|Enlarge ImageBuilt as the world's first deep-ocean submersible, Alvin has made more than 4,200 dives and can reach 63 percent of the global ocean floor (reaching depths of 14,764 feet/4,500 meters). (Mark Spear, Woods Hole Oceanographic Institution)
|Enlarge ImageWHOI senior engineering assistant John Kemp is lowered in a basket to recover a buoy from the ice during a summer 2004 expedition to study the upper layers of the Arctic Ocean. (Richard Krishfield, Woods Hole Oceanographic Institution)
|Enlarge ImageIt is a rare occasion when all three WHOI-operated, ocean-going research vessels are at home in their Woods Hole port. R/V Knorr is in the foreground, with R/V Oceanus and R/V Atlantis on the opposite side of the pier. (Woods Hole Oceanographic Institution)
in 1930, the Woods Hole Oceanographic Institution (WHOI) is an independent marine research, engineering, and higher
education organization. The Institution provides international
leadership in advancing and communicating a basic understanding of the
oceans and their decisive role in addressing global questions.
is distinguished by its singular focus on ocean science and the
independence with which its scientists and engineers pursue that science. The Institution brings together a unique complement of
assets including world-class scientists; innovative engineers who
invent and implement leading-edge ocean instruments and technology;
research vessels and state-of-the-art deep-submergence vehicles that
give it exceptional access to the sea; and graduate students who learn
from the best in the field and, in turn, become leaders in
Research at the Institution is broadly divided into five academic departments:
Applied Ocean Physics and Engineering; Biology; Geology and Geophysics;
Marine Chemistry and Geochemistry; and Physical Oceanography. The
Institution also operates four interdisciplinary institutesOcean and
Climate Change, Coastal Ocean, Ocean Life, and Deep Ocean Explorationa Marine Policy Center, the Woods Hole Center for Oceans and Human
Health, and a Cooperative Institute for Climate and Ocean Research (with the National Oceanic and Atmospheric Administration).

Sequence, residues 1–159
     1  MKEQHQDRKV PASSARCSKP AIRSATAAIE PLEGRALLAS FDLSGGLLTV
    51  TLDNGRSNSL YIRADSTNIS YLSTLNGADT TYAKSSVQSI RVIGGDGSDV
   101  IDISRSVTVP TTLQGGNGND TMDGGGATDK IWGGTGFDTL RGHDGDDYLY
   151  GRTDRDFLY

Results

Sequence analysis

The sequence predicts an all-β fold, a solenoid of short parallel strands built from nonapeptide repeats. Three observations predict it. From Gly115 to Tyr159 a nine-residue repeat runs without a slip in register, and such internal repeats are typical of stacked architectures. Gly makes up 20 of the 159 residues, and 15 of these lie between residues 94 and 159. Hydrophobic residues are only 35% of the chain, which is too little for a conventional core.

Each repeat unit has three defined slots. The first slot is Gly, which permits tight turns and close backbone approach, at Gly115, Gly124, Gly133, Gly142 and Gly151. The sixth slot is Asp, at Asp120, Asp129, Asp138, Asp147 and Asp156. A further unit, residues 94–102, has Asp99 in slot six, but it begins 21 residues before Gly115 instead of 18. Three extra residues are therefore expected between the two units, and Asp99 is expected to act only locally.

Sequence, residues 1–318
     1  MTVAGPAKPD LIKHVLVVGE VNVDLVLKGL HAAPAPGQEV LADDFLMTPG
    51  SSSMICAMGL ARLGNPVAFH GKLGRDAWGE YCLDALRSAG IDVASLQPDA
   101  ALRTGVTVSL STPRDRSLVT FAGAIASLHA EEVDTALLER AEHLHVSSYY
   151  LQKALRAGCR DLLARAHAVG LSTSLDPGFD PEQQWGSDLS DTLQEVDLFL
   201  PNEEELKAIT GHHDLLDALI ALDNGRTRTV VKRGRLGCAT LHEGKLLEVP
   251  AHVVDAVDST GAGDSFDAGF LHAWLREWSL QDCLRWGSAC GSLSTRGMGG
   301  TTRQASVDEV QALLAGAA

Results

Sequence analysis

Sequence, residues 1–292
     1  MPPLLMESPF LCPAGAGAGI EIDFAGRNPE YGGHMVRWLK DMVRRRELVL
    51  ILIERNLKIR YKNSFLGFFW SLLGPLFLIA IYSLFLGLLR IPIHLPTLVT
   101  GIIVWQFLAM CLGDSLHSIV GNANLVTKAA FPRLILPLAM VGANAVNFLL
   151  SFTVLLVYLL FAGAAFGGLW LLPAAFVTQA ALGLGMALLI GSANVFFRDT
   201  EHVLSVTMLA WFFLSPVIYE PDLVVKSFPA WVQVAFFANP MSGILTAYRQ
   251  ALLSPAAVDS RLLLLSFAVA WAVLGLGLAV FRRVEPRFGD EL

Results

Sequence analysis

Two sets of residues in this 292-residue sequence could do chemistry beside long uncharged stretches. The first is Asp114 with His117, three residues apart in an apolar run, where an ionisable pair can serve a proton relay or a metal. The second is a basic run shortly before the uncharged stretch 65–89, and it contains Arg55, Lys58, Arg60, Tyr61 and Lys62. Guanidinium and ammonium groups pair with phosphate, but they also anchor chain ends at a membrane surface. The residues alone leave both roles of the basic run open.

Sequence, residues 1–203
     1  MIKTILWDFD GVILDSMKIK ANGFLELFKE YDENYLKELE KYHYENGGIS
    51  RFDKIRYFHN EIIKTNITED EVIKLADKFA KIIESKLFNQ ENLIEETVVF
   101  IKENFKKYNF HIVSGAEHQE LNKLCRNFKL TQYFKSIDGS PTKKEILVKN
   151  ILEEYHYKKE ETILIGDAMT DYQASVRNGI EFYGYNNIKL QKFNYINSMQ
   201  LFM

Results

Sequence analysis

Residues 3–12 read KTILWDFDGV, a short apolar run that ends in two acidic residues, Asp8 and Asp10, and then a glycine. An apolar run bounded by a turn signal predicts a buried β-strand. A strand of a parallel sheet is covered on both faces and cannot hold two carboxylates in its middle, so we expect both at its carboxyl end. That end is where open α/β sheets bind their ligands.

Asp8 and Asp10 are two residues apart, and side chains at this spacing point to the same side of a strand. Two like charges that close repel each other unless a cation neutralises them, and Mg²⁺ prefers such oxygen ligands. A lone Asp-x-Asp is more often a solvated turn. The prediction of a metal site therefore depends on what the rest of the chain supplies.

of its location in a vibrant ocean science community, WHOI also
benefits from opportunities to collaborate
with other research and education institutions in the
areasuch as the Marine Biological Laboratory and the Woods Hole
Research Centerand with local branches of the National Marine
Fisheries Service, the U.S. Geological Survey, and the U.S. Coast Guard.
Access to Tools, Talent, and the Sea
WHOI's capabilities in technology development and seafaring have put the Institution at the
vanguard of ocean science for more than 75 years. WHOI operates
four research ships, the world-famous deep-ocean submersible
Alvin, a fleet of remotely operated and autonomous vehicles, several
small surface craft, and a suite of oceanographic instruments. The Institution also hosts the U.S. National Deep Submergence Facility.
Scientists from WHOI and many other research laboratories use these
vessels, vehicles, and instruments for exploration and research in all marine disciplines.
WHOI's shore-based laboratories,
instrumentation, and national facilities include the National Ocean Sciences
Accelerator Mass Spectrometry Facility, the Northeast National Ion
Microprobe Facility, a dedicated computed tomography (CT) scanning
facility for marine mammal research, and an extensive deep-sea sediment core
repository, to name a few. WHOI also has extensive on-site capability
for the design, fabrication, and testing of oceanographic
instrumentation and moorings.
WHOI has attracted students from hundreds of U.S. and international universities to participate in
ocean research since 1930. In 1968, the
Institution's education role at the graduate level was formalized in an
agreement with the Massachusetts Institute of Technology (MIT) for a
Joint Program leading to master's, doctoral, and engineering degrees.
Staffing and Budget
staff members at WHOI number nearly 900, including more than 500
scientists, engineers, and technical staff supported by more than 100 marine
personnel and nearly 300 other support staff. In addition, more than
100 graduate students are enrolled in the MIT/WHOI Joint Program and contribute to WHOI research. Nearly 300 additional
graduate and undergraduate students, postdoctoral scholars and
fellows, visiting scholars, and guest investigators enhance WHOI's
scientific and educational work.
In 2006, WHOI had total
operating revenues of $140 million, of which $114 million (81%) came from
sponsored research grants and contracts. Nearly 90% of that research
funding, or $102 million, came from the U.S. federal government. Funding from private and philanthropic sources accounted
for $12 million in 2006, with endowment funds contributing the
remaining $14 million.
WHOI's endowment generates critical
income for staff salaries, graduate student aid, postdoctoral
fellows, seed money and matching funds for new research initiatives,
and support for the Institution's development and communications
efforts. As of December 31, 2006, the endowment totaled $350 million.
2007, operating revenues are budgeted at approximately $136 million,
with $109 million expected to come from sponsored research.